file an extension Heather Ryan | RV Tax Queen |

While there are plenty of reasons to need an extension, it does NOT mean you get extra time to pay taxes owed. You are among the many businesses and individuals that file an extension.

But…what does that really mean? It means you better pay an estimate based on what you think you’ll owe in order to avoid any penalties when you actually file your return.

Here are three other things to know when you file an extension.

File an Extension

Even if you can’t pay what you owe, file an extension! This saves you from a potential failure-to-file penalty.

Personal return extensions are due 6 months from the original date or October 15. Business (1120S S-Corporation and 1065 partnership) returns which were originally due March 15 get extended until September 15.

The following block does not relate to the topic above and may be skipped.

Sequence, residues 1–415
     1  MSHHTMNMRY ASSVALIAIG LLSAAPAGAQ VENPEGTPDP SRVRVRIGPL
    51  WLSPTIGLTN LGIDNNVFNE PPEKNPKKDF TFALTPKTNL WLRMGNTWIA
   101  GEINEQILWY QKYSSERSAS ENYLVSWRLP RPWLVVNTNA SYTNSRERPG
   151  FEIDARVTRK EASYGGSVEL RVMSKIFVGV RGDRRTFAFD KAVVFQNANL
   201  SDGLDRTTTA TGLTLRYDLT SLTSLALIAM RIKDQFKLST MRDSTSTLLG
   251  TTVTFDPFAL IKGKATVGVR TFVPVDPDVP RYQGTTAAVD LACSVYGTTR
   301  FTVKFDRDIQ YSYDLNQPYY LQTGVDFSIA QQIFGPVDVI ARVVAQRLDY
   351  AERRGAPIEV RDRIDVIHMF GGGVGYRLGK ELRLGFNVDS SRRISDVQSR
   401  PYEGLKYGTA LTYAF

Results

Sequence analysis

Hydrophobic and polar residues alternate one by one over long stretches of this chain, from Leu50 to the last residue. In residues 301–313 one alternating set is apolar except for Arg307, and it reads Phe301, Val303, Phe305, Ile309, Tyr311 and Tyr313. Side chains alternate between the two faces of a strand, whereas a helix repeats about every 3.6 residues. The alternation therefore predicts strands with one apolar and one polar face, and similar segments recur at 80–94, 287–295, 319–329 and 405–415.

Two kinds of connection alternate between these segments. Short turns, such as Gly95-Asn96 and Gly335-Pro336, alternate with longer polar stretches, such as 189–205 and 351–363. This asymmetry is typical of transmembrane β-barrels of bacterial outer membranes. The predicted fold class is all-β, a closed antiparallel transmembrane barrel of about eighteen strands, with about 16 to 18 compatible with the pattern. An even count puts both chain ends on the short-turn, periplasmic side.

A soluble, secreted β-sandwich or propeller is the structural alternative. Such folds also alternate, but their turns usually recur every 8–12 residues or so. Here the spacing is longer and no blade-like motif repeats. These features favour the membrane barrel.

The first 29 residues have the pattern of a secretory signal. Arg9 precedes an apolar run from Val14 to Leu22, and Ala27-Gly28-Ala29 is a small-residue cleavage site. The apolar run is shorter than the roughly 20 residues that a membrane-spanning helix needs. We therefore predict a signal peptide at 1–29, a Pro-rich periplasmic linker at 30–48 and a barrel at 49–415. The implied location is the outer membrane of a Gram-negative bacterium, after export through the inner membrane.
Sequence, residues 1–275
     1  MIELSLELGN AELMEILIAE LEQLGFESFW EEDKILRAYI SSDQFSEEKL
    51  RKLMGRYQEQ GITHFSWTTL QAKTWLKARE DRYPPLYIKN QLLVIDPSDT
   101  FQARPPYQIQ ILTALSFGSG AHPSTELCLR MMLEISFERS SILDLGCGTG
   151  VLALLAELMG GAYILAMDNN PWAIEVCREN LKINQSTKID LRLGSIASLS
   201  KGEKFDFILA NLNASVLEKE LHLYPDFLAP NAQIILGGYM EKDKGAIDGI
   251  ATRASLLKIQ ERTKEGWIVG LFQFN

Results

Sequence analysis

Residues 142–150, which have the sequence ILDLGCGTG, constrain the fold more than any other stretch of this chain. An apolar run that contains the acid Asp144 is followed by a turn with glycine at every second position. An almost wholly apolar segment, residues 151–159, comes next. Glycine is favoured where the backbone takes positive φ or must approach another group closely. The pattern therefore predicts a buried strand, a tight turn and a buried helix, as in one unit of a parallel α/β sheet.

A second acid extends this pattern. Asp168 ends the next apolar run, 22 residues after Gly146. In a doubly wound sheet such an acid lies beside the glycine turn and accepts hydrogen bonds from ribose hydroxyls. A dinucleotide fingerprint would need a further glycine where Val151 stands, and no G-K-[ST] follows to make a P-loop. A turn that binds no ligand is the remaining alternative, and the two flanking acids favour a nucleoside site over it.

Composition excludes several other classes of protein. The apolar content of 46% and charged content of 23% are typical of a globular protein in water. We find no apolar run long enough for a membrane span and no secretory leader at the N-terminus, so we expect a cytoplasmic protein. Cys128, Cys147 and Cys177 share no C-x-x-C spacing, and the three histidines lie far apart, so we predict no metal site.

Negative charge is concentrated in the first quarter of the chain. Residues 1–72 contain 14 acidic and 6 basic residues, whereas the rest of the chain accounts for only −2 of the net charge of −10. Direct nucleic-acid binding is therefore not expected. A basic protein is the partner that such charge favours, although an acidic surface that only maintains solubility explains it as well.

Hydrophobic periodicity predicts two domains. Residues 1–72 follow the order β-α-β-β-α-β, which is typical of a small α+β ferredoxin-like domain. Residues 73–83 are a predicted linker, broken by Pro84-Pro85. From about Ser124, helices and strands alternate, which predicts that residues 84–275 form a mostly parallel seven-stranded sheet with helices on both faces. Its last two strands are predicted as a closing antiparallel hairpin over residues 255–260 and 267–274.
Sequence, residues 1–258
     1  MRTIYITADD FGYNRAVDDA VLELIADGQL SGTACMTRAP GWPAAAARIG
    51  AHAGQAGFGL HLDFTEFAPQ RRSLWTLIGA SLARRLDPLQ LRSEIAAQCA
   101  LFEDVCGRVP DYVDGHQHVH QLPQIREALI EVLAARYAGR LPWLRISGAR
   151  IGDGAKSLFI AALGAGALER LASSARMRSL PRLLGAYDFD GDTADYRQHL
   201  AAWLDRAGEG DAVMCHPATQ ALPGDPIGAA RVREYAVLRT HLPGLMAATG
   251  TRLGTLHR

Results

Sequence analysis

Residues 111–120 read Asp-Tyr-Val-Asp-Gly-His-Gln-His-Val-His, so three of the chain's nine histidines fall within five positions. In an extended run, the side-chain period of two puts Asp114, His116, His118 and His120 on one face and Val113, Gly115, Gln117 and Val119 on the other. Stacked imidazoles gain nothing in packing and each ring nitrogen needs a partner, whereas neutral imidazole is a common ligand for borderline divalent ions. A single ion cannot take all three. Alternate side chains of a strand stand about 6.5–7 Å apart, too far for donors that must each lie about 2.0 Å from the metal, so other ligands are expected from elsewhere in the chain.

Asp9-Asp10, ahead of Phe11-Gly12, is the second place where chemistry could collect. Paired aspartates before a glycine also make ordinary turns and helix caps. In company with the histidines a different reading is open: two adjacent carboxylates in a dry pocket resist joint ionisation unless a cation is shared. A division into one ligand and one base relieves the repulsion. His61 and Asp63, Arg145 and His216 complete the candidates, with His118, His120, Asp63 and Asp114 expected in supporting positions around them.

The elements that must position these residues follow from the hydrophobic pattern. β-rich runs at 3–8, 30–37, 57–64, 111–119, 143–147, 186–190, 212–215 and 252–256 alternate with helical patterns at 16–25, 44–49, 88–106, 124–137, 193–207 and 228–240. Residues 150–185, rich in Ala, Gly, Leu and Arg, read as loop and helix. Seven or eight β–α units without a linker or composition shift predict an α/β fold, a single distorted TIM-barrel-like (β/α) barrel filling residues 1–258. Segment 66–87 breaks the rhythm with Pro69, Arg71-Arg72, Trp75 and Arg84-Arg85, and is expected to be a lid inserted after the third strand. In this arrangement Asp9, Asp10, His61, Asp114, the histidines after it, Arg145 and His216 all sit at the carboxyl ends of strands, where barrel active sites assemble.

Use Form 4868

Taxpayers request an extension using the Application for Automatic Extension of Time to File U.S. Individual Income Tax Return of Form 4868. The deadline for mailing the form to the IRS is April 18, but it can also be e-filed. Talk to your tax professional about this.

Electronic Payment Options

The IRS automatically processes an extension of time to file when you pay all or part of any taxes owed electronically by April 15. This means you don’t need to file a paper or electronic Form 4868 when making a payment with IRS Direct Pay, the Electronic Federal Tax Payment System or with a debit or credit card.

When paying one of these ways, select Form 4868 as the payment type. Remember to print out a confirmation as proof of payment and keep it for your records.

Remember, more time to file does not mean more time to pay!